This slightly un­usual line of think­ing was prompted by rewrit­ing the price guide for an­other mag­a­zine, and wast­ing even more time than usual on look­ing at ev­ery ad for our kind of Brit bike I could find. And by stum­bling over a bike I’ve al­ways fan­cied at a re­cent Shep­ton Mal­let jum­ble. That was a Royal En­field In­ter­cep­tor Mk2, a bike I doubt I’d be able to start now, but a ma­chine I’ve al­ways fan­cied, not least be­cause I’ve rid­den sev­eral down the years and have al­ways been madly en­ter­tained by the ex­pe­ri­ence.

Parked next to the AJS is an­other Fifties twin, this time a Sun­beam. Once again, this

has been a com­pan­ion for quite a while – over twenty years in this case – and the last time it ran it ran su­perbly, not least be­cause Sean Hawker did an ex­cel­lent re­build of the dis­trib­u­tor, for which parts are ap­par­ently rare. Or they were rare then. This has also suf­fered from The Shed ef­fect, looks fairly ter­ri­ble, but is sound and very orig­i­nal. It even has orig­i­nal steel mud­guards – glass­fi­bre rarely rusts, so I’m told.

Snag is with both of th­ese gentle­men among mo­tor­cy­cles, I can’t see any place for them in my fu­ture rid­ing. I could re­build ei­ther or both of them, but to be hon­est and for no rea­son I can un­der­stand – never mind ex­plain – I don’t fancy that. So… is it time to take ad­van­tage of the newly de­sir­able ‘barn fresh’ con­cept? That pe­cu­liar no­tion that it’s per­fectly sound to buy a bike at maybe 25% less than its run­ning, on the road value, then spend 100% of that on the road value mak­ing it good, and then… and then, what?

A Face­book chum and RC reader bobbed his own Sun­beam S8, and suf­fered all man­ner of fes­tive on­line grum­bling for do­ing so – but in fact I can see a ter­ri­ble ap­peal in that. I’d not do it my­self, not to a com­plete and orig­i­nal ma­chine, but the thought of build­ing an­other special (it’s a very long time since I built my last one!) does have a con­sid­er­able ap­peal. Fancy this: build­ing a bike us­ing which­ever com­po­nents you fancy, rather than spend­ing hours, days, weeks scour­ing the ads and jum­bles look­ing for the left­handed 12mm knuckle washer fit­ted only to BSA unit sin­gles on two Fri­day af­ter­noons in June 1970 be­cause the parts bin ran out of 10mm wash­ers but they’re orig­i­nal, so…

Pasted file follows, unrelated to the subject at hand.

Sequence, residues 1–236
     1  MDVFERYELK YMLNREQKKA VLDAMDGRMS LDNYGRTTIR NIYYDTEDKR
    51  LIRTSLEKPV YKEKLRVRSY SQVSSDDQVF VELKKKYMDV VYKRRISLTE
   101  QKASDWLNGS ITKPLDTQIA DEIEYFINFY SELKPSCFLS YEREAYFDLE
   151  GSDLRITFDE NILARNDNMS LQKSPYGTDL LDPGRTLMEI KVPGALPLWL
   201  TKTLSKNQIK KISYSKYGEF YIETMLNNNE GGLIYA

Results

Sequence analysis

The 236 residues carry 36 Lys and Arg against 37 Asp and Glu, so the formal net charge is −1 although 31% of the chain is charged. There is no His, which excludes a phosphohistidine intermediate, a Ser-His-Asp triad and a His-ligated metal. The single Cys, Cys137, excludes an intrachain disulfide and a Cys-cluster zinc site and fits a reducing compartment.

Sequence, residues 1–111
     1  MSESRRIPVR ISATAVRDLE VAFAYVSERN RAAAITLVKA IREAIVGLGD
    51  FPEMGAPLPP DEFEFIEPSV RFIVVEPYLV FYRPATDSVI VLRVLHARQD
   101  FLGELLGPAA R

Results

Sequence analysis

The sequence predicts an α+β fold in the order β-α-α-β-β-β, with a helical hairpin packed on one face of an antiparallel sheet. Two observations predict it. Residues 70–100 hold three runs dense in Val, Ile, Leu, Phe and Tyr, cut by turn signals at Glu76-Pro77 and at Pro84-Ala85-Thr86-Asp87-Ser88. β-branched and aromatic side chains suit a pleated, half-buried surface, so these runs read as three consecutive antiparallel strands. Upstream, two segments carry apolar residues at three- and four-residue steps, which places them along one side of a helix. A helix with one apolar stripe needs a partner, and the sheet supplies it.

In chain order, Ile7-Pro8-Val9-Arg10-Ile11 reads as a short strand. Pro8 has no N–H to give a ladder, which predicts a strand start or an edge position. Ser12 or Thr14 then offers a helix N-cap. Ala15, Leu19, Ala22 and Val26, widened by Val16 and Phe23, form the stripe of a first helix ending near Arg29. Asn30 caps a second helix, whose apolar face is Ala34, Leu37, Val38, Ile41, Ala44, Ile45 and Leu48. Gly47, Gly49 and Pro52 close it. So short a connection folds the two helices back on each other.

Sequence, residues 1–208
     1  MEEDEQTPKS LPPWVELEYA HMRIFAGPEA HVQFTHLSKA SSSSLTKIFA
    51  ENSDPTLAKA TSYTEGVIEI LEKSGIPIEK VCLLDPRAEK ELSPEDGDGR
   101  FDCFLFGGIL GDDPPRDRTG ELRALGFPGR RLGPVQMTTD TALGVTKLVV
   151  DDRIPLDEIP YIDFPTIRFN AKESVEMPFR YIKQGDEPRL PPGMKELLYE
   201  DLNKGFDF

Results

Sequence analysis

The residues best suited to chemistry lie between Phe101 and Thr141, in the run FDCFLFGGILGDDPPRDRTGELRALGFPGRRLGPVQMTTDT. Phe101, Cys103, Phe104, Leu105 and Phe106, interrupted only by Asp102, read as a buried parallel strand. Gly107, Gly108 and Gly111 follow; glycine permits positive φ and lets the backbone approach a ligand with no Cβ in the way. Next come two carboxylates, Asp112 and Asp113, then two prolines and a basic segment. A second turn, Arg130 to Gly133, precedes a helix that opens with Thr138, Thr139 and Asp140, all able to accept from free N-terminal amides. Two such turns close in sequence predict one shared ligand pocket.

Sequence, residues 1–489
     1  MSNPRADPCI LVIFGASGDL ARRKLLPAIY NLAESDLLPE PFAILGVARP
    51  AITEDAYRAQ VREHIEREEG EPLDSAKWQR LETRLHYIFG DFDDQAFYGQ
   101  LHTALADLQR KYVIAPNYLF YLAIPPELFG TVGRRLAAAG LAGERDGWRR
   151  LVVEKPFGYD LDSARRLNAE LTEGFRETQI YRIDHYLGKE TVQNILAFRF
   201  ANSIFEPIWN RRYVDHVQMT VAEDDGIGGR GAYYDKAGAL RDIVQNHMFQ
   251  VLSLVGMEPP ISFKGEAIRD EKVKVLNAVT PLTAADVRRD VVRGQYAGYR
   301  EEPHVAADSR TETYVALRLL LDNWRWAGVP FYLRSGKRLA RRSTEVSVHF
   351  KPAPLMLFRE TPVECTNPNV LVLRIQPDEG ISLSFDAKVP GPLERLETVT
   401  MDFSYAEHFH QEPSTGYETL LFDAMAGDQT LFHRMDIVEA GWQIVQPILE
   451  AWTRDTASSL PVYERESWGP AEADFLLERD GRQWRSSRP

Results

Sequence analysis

Imag­ine think­ing that there are a lot more hand­some di­rec­tion in­di­ca­tor lights than the Lu­cas stalky va­ri­ety fit­ted to our end­lessly pro­jec­tile B25SS? And why worry about the

chrome on the mud­guard when paint looks just as good?

Speak­ing of the BSA – with al­most sin­cere apolo­gies to the let­ter-writer who’s bored with the whole thing – al­though I’ve made no progress at all in get­ting it to spark, there has been tiny progress of a sort. And yes, the front brake does still ap­pear to work. I’d half ex­pected it to lose all its new-found grip­py­ness mag­i­cally overnight … but it’s not done that. Yet.

I men­tioned that the Bet­ter Third ac­tu­ally owns the bike – hence its blind­ing shine and over-pol­ished look – and said fine sub­mersible lady de­cided that her BSA would look bet­ter with the smaller fuel tank. We have a spare of course, ac­quired from a fine fel­low named Van Tran many years ago and used as a hack slave tank since then. It was a pe­cu­liar psy­che­delic metal­lic yel­low shade, com­plete with flames (!) be­cause that was the way in the 1970s, but that was soon fixed, and the old tank is now ut­terly de­light­ful in ap­prox­i­mate BSA colours. Hur­rah.

Of course the orig­i­nal seat doesn’t fit with the smaller tank, be­ing de­signed for the larger UK tank the bike has borne with honour since 1971. So, mad im­petu­ous fool that I am, I bought a new seat. Not from any­one I know or have used be­fore, which would have been both log­i­cal and sen­si­ble, but from an on­line sup­plier. The seat ar­rived, weighs about 25% less than the orig­i­nal meaty Beezer item – not least be­cause its base is plas­tic not steel – and … would al­most cer­tainly fit if only it had the cor­rect bracket to grip the frame at the front. It doesn’t. It has a pair of bolts there to hold on the bracket, but bracket there is not.